Whether it's drunk texting or drunk dialing, technology and booze usually don't mix. And now a recent finding may make it so that people are a lot less likely to find themselves in these embarassing situations. That's because scientists believe they have discovered a compound that mitigates many of the impairing effects of alcohol.
We're talking about an antidote that can ease the feeling of a nasty hangover, help you sober up and possibly even eliminate the need for 12-step programs. Actually, perhaps "discovered" isn't quite the right word. The sobering properties of the Hovenia Dulcis tree have been touted by Chinese herbalists for centuries. But it's only recently that a group of researchers from UCLA began lab-testing such claims by running a series of experiments using a chemical extract from the seed known as Dihydromyricetin (DHM).
Instead of human subjects, the researchers used intoxicated rats since alcohol consumption impacts both in similar ways. After having the rodents down about the human equivalent of 15 to 20 bottles of beer over a period of two hours, they found that the ones that were given booze spiked with DHM had a higher tolerance and were able to sober up quicker, in about 15 minutes. They also found that, within two days, the extract helped to clear up hangover symptoms, such as anxiety and susceptibility to seizures.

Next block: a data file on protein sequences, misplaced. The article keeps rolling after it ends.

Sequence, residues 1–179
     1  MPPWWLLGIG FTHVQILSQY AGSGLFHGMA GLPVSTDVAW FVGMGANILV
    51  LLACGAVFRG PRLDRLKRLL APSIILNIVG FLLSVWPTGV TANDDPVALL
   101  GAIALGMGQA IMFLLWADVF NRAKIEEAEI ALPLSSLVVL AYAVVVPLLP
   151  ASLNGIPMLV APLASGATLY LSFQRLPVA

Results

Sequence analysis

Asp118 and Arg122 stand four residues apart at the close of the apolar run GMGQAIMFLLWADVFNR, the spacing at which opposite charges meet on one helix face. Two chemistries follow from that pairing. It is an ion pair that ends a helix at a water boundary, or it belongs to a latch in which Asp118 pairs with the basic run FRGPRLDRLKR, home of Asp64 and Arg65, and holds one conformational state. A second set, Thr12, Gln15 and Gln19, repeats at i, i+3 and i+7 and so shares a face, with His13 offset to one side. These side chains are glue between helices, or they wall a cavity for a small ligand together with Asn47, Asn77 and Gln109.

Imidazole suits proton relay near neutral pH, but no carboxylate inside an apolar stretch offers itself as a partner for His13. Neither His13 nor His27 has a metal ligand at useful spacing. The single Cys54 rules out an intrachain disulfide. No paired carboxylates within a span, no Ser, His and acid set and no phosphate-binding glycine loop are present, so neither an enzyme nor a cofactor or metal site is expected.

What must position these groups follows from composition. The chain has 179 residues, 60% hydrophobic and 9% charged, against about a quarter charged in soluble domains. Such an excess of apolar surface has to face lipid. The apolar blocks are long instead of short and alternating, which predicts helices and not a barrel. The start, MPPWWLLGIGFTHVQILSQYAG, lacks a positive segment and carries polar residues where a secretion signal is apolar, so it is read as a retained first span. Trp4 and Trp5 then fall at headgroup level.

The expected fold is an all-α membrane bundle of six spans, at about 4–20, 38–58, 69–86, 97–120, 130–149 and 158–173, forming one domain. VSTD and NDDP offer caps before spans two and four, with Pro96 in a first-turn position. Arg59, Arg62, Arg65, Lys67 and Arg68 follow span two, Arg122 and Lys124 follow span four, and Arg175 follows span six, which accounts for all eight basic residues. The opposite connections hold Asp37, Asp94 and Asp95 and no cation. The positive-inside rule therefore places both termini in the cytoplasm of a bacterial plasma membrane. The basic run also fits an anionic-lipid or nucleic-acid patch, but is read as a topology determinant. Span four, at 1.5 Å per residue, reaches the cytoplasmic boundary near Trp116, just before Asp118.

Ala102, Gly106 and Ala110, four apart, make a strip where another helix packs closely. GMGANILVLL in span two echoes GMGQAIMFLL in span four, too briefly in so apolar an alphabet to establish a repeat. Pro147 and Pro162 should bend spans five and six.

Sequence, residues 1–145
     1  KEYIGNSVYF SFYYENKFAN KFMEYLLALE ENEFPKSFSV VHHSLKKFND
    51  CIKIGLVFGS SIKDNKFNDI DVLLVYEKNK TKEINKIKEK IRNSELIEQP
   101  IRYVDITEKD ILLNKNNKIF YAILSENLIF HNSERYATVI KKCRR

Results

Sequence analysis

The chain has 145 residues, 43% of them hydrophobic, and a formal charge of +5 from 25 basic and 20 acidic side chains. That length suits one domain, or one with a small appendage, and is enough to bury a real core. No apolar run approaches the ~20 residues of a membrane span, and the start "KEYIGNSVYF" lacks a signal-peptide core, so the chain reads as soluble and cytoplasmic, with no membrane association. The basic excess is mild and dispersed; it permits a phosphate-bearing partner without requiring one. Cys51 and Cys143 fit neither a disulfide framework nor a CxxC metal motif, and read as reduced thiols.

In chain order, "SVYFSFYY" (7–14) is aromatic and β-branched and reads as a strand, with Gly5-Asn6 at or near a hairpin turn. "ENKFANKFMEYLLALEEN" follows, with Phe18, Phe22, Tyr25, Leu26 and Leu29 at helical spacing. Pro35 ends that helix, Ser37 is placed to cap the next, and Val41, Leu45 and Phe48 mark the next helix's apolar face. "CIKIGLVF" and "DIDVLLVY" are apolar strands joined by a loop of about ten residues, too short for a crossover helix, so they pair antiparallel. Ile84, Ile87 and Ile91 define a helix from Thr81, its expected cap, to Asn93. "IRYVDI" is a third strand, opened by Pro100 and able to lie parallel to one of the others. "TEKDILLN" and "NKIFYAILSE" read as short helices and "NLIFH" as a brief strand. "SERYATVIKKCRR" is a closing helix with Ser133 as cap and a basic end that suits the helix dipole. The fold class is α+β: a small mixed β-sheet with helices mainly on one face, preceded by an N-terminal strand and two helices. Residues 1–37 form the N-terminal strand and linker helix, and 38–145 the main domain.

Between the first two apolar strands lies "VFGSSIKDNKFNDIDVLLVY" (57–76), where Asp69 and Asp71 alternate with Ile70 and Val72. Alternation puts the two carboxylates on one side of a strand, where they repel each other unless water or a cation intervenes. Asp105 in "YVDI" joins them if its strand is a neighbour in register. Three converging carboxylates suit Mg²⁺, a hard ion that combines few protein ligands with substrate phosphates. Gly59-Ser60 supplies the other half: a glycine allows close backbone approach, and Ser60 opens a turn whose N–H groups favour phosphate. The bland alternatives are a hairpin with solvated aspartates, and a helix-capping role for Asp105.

But the really significant finding was that while some rats tended to consume even higher quantities of alcohol after the initial drinking session, the ones that took it with DHM didn't have the same craving. "When you drink alcohol with DHM, you never become addicted," lead researcher Jing Liang wrote in the Journal of Neuroscience.
Although promising, the study's results are still preliminary and A. Leslie Morro, a neuroscientist at UNC warns of jumping to conclusions. According to a report in Science News:
Though the results are exciting, they don’t mean that a hit of Hovenia extract can enable a night of consequence-free binge drinking, Morrow says. Alcohol has many effects in the brain, and DHM may not block them all.
Alcohol works in part by changing the behavior of proteins known as GABA receptors, which are involved in curbing brain excitation. DHM blocks alcohol’s effects by latching onto these receptors in the brain. Another compound called RO15-4513, discovered by Paul and collaborators, also blocked alcohol by interfering with GABA receptors, but it caused seizures.
So far, Liang and her team have found no side effects from DHM. The researchers now plan to test DHM’s effect on people.
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